Diabetologist and former journal editor faces charges of data fabrication

BMJ 2017; 356: j1348
Author: Clare Dyer
“At a four week hearing of the Medical Practitioners Tribunal Service that opened on 13 March, the GMC accuses Grant of a catalogue of research misconduct, including forging the signatures of coauthors, listing doctors who had not significantly contributed to papers as coauthors, and fabricating data.”
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Informed Consent

N Engl J Med 2017; 376:856-867
Authors: Jeffrey M. Drazen, David P. Harrington, et al
“In the classic interaction in which informed consent is obtained for research, an investigator presents the potential participant with information regarding a new therapeutic, diagnostic, or prophylactic intervention and then asks the participant to read and sign a detailed written consent document. This traditional prototype is becoming outdated. Informed consent, which is ethically essential in most clinical research, respects persons’ rights to decide whether participation in the research is compatible with their interests, including their interests in protection from exploitation and harm. Required by ethical guidelines and regulations unless explicitly waived by institutional review boards, informed consent is thus a means of protecting the rights and welfare of participants while they contribute to the advancement of knowledge.”
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Tribunal reprimands medical researcher for professional misconduct

Medical Board of Australia, 22 February 2017
“The Medical Board of Australia referred Mr Nicholas Melhuish to the tribunal on the grounds that his multiple breaches of the Privacy Act 1988 and the Health Records (Privacy and Access) Act 1997 (ACT) as well as breaches of Good medical practice: a code of conduct for doctors in Australia (the Code of Conduct), the National Health and Medical Research Council’s Australian Code for Responsible Conduct of Research 2007 (the NHMRC Code) and the ACT Health Research Practice Policy amounted to professional misconduct.”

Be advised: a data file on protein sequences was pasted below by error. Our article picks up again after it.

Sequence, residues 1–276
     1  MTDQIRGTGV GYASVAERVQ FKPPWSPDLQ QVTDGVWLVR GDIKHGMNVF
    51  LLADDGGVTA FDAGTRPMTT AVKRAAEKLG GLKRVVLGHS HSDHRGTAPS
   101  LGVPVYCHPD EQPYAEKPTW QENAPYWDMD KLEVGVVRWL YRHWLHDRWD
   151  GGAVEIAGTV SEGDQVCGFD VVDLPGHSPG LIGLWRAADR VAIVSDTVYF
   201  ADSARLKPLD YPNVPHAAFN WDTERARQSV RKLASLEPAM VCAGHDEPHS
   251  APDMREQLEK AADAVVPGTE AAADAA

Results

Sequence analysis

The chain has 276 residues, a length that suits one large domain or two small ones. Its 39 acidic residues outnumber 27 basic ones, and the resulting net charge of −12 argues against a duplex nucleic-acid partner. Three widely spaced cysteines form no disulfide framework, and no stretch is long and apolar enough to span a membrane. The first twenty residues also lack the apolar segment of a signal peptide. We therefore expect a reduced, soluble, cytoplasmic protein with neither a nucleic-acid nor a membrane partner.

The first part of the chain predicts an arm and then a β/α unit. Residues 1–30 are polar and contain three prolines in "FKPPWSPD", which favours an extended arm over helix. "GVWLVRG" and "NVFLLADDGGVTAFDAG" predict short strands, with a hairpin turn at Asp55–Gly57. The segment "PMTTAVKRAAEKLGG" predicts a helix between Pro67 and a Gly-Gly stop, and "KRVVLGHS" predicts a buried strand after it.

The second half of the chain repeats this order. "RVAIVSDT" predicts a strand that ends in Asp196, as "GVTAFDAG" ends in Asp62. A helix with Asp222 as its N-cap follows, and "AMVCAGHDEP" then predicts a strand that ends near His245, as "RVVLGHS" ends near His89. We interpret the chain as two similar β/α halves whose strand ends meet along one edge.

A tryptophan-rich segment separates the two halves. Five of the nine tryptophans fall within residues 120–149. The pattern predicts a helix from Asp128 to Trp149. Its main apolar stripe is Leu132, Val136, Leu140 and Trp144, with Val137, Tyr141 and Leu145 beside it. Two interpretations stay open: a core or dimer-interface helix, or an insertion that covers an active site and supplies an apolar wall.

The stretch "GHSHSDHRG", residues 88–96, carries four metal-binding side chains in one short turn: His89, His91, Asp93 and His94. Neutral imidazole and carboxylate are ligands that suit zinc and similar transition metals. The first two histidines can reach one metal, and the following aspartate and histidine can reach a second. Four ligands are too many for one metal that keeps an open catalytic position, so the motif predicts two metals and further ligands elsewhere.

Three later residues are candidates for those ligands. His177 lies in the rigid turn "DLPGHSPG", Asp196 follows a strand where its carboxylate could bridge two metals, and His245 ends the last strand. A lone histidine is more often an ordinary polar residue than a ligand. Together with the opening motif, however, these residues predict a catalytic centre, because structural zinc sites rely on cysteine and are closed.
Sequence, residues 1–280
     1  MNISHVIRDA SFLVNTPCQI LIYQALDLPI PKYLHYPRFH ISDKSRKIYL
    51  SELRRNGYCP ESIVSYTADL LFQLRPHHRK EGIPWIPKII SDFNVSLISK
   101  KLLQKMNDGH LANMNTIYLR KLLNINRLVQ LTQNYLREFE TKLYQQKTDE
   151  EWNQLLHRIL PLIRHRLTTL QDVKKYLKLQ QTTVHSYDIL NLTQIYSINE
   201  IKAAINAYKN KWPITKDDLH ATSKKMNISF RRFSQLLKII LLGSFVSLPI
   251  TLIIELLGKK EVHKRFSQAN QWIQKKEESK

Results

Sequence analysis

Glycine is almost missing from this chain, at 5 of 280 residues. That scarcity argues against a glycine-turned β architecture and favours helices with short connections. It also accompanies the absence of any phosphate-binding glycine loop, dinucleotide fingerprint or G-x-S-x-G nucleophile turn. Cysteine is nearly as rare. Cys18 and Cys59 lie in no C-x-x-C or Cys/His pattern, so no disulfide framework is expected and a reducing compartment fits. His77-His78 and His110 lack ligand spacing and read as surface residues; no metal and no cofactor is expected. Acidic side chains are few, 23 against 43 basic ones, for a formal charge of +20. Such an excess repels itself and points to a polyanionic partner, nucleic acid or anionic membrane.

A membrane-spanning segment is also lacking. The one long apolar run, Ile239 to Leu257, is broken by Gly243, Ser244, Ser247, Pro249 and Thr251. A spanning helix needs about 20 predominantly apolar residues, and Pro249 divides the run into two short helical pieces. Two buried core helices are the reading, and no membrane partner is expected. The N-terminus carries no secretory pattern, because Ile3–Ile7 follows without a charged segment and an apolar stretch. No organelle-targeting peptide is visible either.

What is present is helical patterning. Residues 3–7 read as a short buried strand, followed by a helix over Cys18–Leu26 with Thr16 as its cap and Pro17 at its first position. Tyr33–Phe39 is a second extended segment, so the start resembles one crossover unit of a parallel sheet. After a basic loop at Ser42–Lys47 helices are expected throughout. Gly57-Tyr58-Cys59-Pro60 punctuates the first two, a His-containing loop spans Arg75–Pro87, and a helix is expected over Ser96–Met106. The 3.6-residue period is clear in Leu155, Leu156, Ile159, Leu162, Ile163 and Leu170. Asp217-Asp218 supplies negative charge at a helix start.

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How to Keep HIV Cure-Related Trials Ethical: The Benefit/Risk Ratio Challenge

JME Blog, 20 February 2017
Author: Nir Eyal
“While high or unknown risks are a mainstay of early-phase trials in areas like cancer research, cure study participants typically have a safe and efficacious alternative to those risks: remaining on antiretrovirals. Can we justify asking patients who are doing well on antiretrovirals to accept the risk and uncertainty of many HIV cure-related trials? If we cannot, we might need to give up on the hope of curing HIV, or of achieving controlled remission.”
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Health incentive research and social justice: does the risk of long term harms to systematically disadvantaged groups bear consideration?

Journal of Medical Ethics 2017;43:150-156.
Authors: Wild V, Pratt B
“The ethics of health incentive research—a form of public health research—are not well developed, and concerns of justice have been least examined. In this paper, we explore what potential long term harms in relation to justice may occur as a result of such research and whether they should be considered as part of its ethical evaluation.”
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Ethical framework for the detection, management and communication of incidental findings in imaging studies, building on an interview study of researchers’ practices and perspectives

BMC Medical Ethics 2017 18:10
Authors: Eline M. Bunnik, Lisa van Bodegom, Wim Pinxten, Inez D. de Beaufort, Meike W. Vernooij
“As thousands of healthy research participants are being included in small and large imaging studies, it is essential that dilemmas raised by the detection of incidental findings are adequately handled. Current ethical guidance indicates that pathways for dealing with incidental findings should be in place, but does not specify what such pathways should look like.”
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A New Day For Oversight Of Human Subjects Research

Health Affairs Blog, 6 February 2017
Author: Holly Fernandez Lynch
“On January 19, 2017—President Obama’s last day in office—the Federal Register published a Final Rule to amend the Federal Policy for the Protection of Human Subjects, the set of regulations applicable to most human subjects research conducted or supported with federal funds, and more typically referred to as the “Common Rule.” This rule change had been a long time coming, with an Advance Notice of Proposed Rule Making (ANPRM) published in July 2011 and a Notice of Proposed Rule Making (NPRM) published in September 2015. The seriousness of its impact on the research community, patients, and the public is evidenced by the more than 3,300 public comments submitted during the rulemaking process. So what changed?”
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